The second presidential debate weakened former Vice President Joe Biden’s standings, “Fox News Sunday” host Chris Wallace said on “America’s Newsroom” Friday.
In stark contrast to Wednesday’s almost tepid night of discussion, Thursday night’s set of ten candidates came out swinging against Biden, who had led polling for weeks prior to the debates.
According to “Special Report” host Bret Baier on Thursday, Biden’s campaign had anticipated a fight and they released prepared rebuttals to possible attacks before the first night began.
Just hours ahead of the second debate, Biden’s campaign advisers told reporters he would use the evening to talk about "really transformational change" by stressing his belief that he can end this period of hyper-partisanship and return the country to civility.
Instead, he spent the evening on the defensive.
As a lower-polling contender—Biden’s allies had even suggested he should pick her as his running mate—Senator Kamala Harris, D-Calif., had long struggled to break out of the pack.
And, Wallace said, she seemed to hit Biden where it hurt.
“Like everybody, I thought that Kamala Harris had a great night. She lit Joe Biden up,” he told host Sandra Smith.
Wallace cited a moment where Harris threw herself into a squabble among the other candidates: “First of all, she had a great line. That would have been enough kind of to have a viral moment when she said, ‘Let’s not have a food fight. Let’s talk about putting food on the table.’”
“But then,” he added. “She went after the vice president and the frontrunner for the Democratic nomination. Both on his bragging about doing business with segregationist senators and then on busing. And, the vice president’s support back when he was in the 70s for his…support for forced busing.”
It was this direct line of questioning from Harris to Biden on desegregation busing that helped to catapult her name into the most-searched term on Google.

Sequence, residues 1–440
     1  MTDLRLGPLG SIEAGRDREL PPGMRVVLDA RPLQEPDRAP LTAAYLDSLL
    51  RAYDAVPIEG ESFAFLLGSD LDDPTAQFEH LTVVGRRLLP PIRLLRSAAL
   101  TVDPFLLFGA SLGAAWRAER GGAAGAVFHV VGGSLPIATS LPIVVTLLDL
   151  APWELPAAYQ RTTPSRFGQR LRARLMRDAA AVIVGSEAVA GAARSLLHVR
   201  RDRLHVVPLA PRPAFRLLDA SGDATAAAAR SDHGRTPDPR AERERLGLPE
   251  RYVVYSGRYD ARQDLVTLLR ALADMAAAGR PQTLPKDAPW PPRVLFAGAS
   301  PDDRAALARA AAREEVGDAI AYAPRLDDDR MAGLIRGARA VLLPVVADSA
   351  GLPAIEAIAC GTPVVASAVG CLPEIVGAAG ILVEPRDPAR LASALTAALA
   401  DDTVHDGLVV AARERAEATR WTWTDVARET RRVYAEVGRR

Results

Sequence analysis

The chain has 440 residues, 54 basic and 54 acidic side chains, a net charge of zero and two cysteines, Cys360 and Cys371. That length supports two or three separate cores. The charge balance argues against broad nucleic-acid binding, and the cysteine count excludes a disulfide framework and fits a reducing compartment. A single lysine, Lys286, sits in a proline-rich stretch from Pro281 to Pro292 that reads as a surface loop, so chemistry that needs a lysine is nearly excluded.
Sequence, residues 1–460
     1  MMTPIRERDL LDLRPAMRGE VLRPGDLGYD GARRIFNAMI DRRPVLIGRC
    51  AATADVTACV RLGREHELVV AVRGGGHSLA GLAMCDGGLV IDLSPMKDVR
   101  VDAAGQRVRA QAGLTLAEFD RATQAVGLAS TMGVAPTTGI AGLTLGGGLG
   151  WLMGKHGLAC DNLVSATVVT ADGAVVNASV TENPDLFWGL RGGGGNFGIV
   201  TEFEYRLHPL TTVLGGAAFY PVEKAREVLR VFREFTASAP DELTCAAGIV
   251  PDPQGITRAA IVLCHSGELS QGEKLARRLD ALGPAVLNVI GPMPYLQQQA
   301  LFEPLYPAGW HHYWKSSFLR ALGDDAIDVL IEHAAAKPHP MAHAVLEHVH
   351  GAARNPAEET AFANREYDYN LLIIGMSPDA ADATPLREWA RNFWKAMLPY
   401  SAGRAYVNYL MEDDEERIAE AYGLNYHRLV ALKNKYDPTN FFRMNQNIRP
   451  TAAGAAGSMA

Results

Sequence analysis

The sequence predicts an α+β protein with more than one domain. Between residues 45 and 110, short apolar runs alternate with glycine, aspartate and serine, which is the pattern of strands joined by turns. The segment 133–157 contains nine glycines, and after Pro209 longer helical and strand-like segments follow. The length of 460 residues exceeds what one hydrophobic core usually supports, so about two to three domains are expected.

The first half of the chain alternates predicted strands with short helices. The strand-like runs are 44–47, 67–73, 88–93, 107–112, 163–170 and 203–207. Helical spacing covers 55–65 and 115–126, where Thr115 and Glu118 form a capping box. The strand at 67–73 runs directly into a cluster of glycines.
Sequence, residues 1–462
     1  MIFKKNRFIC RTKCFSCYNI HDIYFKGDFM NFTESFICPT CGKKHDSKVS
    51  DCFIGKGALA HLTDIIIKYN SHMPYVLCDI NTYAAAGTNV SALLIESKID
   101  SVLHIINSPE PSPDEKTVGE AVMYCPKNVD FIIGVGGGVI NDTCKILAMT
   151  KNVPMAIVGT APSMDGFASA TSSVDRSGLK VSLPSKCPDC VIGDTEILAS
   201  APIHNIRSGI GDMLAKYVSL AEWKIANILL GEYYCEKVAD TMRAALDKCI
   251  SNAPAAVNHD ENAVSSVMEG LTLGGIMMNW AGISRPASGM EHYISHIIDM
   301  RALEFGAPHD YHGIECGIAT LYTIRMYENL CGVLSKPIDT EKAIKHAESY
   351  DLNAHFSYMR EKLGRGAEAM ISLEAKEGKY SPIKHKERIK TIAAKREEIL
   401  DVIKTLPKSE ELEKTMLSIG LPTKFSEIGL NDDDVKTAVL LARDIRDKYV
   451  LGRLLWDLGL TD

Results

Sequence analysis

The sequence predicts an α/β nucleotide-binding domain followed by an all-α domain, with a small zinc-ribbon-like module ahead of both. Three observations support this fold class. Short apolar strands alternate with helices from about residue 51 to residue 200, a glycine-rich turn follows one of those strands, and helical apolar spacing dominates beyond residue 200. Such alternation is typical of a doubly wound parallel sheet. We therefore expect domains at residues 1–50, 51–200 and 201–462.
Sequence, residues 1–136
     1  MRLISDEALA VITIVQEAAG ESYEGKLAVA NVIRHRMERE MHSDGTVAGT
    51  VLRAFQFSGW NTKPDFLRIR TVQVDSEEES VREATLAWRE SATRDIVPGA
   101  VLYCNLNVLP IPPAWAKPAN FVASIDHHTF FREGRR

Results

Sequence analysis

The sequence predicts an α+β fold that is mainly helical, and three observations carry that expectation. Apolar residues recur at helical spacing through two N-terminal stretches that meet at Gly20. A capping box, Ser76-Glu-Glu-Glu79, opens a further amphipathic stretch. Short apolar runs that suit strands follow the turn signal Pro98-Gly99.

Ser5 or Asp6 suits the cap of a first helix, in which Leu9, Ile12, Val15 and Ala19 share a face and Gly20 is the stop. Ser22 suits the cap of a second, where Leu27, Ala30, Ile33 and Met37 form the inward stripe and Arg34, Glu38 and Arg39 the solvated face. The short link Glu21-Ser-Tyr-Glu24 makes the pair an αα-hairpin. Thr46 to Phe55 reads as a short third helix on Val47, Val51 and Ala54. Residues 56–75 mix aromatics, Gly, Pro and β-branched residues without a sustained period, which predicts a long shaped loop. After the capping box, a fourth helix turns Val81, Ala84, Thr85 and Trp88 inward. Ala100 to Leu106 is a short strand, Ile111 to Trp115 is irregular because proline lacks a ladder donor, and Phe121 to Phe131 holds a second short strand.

Desegregation busing was the practice of assigning and transporting students to schools to redress prior racial segregation of schools or to overcome the effects of residential segregation.
“I do not believe you are a racist,” she told Biden. “But, I also believe, and it's personal…it was hurtful to hear you talk about the reputations of two United States senators who built their reputations and career on the segregation of race in this country."
She continued: "And, it was not only that but you also worked with them to oppose busing. And, you know, there was a little girl in California who was part of the second class to integrate her public schools, and she was bused to school every day. And that little girl was me."
Shortly after the exchange, @KamalaHarris tweeted a photo of herself as a child to fit with her story.
“And, she pointed out that, in fact, she had been bused in the 70s as a little girl,” Wallace said. “He was opposed to it and she was saying, ‘Look, that was something that was important in terms of school desegregation’ and he didn’t answer that very well. It was something that was clearly going to be a subject that was brought up.”
Biden asserted that Harris' criticisms on race were a "mischaracterization across the board."
“We know he’s got a long record—what, 45 years in Washington as a Senator and as a vice president—and he kind of had a faltering answer,” said Wallace.
By the end, Biden stopped himself, acknowledging, “anyway, my time is up.”
Representative Eric Swalwell (D-CA) also suggested—to audible groans from the audience—that it was time to “pass the torch to a new generation of Americans.”
To which, Biden responded, “I'm still holding on to that torch.”
Wallace didn’t buy what Swalwell was trying to sell to the crowd: “I don’t think just saying you’re old and I’m young and so pass the torch—I didn’t think that was nearly as effective. And, you can see the crowd kind of was uncomfortable with that as well.”
“I think you can’t overstate it, Sandra, because the fact is that this is the first of 12 rounds of debates that are going to take place on the Democratic side. This is the first down, 11 to go,” he noted.
“But, I think in the frontier it probably weakens Joe Biden as a frontrunner and it strengthens Kamala Harris.”